Wrap the exhaust is better, but the first piece of the manifold, where purged fresh gas
    before it is pushed back through the exhaust shaft in the cylinder, must remain as cool as possible.
    How long this cool piece should be depends on the outlet channel diameter or the manifold
    Diameter off. Expect that the cool part of the exhaust system must be so long that it is a
    Volume equal to the displacement volume may contain; then it is definitely long enough.
    A second method of increasing the exhaust gas temperature is to fire the ignition later
    adjust. But you can not go too far with that, because E85 probably burns a bit slower,
    and therefore not less, but would require more pre-ignition.
    It would therefore be better if the maximum speed and the maximum speed had suffered too much,
    make an exhaust with smaller lengths and unaltered diameters. Only the tailpipe
    Bottleneck must be adapted to the additional power.
    Compression ratio:
    The compression ratio could be higher because E85 has a higher octane rating than gasoline,
    but that only makes sense in four-stroke engines. Especially turbo four-stroke will be quite lively with E85.
    In Rennzweitaktern but you should compact low. That promotes performance, bandwidth,
    The reliability, and if you do not have a strong spark, it also helps the ignition.

    Oil:

    Not every two-stroke oil mixes well with E85. Castor oil is already suitable.
    e.g. Maxima Castor927. Eleven 909 should also be usable.
    The oil / fuel ratio may be leaner compared to gasoline when using E85.
    For example, we take a mixture of 1 liter of oil to 20 liters of gasoline.
    When using E85, the engine consumes 1.48 x 20 = 29.6 liters of E85 instead of this 20 liters of gasoline.
    If we mix 1 liter of oil with this 29.6 liter E85, the engine gets the same amount of oil as before.

    Focus:

    Methanol, ethanol and E85 can attack various materials: copper, aluminum, magnesium,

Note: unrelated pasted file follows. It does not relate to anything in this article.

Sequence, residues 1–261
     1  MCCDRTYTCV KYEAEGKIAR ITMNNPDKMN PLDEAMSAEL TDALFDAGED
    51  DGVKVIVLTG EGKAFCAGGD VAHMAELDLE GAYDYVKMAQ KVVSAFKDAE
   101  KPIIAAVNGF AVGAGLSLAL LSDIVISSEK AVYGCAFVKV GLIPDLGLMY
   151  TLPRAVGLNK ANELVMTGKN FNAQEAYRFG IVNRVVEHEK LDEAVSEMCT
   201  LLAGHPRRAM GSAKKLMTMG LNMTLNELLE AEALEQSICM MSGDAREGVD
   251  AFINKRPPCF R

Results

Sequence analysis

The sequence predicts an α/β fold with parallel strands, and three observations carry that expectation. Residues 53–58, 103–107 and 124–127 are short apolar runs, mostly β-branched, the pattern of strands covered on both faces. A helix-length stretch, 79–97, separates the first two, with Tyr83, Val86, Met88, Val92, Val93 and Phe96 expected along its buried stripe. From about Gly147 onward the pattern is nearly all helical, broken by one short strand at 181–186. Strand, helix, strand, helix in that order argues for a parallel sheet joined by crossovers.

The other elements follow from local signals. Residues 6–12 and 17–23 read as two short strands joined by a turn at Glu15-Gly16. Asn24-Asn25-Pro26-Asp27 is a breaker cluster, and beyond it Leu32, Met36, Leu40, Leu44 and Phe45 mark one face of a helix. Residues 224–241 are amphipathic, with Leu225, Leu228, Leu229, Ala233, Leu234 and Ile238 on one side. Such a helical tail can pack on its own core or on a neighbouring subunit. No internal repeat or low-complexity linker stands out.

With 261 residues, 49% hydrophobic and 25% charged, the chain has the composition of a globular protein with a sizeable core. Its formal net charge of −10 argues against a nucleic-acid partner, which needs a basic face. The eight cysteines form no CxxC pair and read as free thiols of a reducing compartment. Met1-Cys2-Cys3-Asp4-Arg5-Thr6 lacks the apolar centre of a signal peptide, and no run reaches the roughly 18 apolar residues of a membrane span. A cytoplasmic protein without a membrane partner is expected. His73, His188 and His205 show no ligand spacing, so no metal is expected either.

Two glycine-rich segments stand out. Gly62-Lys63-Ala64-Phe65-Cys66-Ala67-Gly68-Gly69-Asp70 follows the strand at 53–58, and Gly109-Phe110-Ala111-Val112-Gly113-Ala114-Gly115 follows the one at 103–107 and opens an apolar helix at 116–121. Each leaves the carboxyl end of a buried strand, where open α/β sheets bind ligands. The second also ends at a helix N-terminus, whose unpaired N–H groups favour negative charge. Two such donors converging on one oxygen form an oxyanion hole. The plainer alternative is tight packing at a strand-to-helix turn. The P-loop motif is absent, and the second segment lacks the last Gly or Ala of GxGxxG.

Plastic hoses, gaskets, o-rings, etc. And when plastic bearing cages are attacked,
    This can lead to major engine damage.
    It is therefore advisable to run the engine with petrol for a few minutes after using E85
    to let.
    Determining the spray on the basis of the candle image can be dangerous with alcohol-containing fuels.
    In methanol, I have found that the candle always stays wet. An attempt to thwart them
    getting dry can cost flasks.
    Sometimes you can also use a candle with a slightly lower degree of heat.
    All alcohols are hygroscopic: they attract water vapor from the atmosphere and dilute
    itself more and more.
    Always keep the fuel tank closed, and avoid draining the vehicle's fuel tank.
    Weighing is a better and safer way to determine fuel consumption.

  6. #51
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    Here is one last thought on E85 in a 2T vs 4T. A 2T has much more surface area (crankcase, transfer ports, etc) to act on an probably more duration than a 4T (port injected EFI). Is it possible that a much more dense charge in the crankcase greatly benefits a transfer STA limited engine? In comparison, the 4T only has cooling at the very end of the intake tract and very short intake tract duration if the injection is spraying through an open valve.
    Derek,

    Absolutely - transfer port and crankcase cooling gives measurable gains.

    I am adding the detonation feature for E0~E100 in EngMod2T, I will then have a better idea.

  7. #52
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    Here's one from the Aprilia RSA 125 sim... The blue line is the baseline from the sim found on this site (100 unleaded, 14.8CR). The fuel was then changed to 85% ethanol (lambda stayed the same), black line. Further runs showed increasing compression ratio, all else constant. Anyway, it looks like ~8.7% gain at 13,000rpm for 17.8CR. Make believe OR plausible?

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  8. #53
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    The trends are correct, with E85 creating more cooling which allows more compression. More cooling plus more compression will increase the power and move the whole curve to the left as is happening. While the trends are correct the magnitude is a bit suspect. I am suspecting the evaporation model and will investigate that further, it is not very sophisticated and might over predict the cooling.

    Is there anyone with actual measured performance and temperature data for a high performance 2T that is willing to share?

  9. #54
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    I did actually poke around at the Temperature traces (crankcase, transfers, etc.) and I didn't see a glaring obvious change from gas to ethanol. But, I should be clear that I didn't change any wall temperatures on the input side either. In fact, some of the ethanol runs had slightly higher temps, through the bottom end, than gasoline. It must be the cooling effects are all accounted for in the combustion chamber because that's where I saw a big difference in temps.

    I also looked at Mass Flow (air) all the way back to the intake and didn't see a clear trend vs power increase.

    One other thing that could be way incorrect is the Combustion Efficiency. I left this the same for gasoline vs ethanol. Maybe this needs to change as ethanol is added?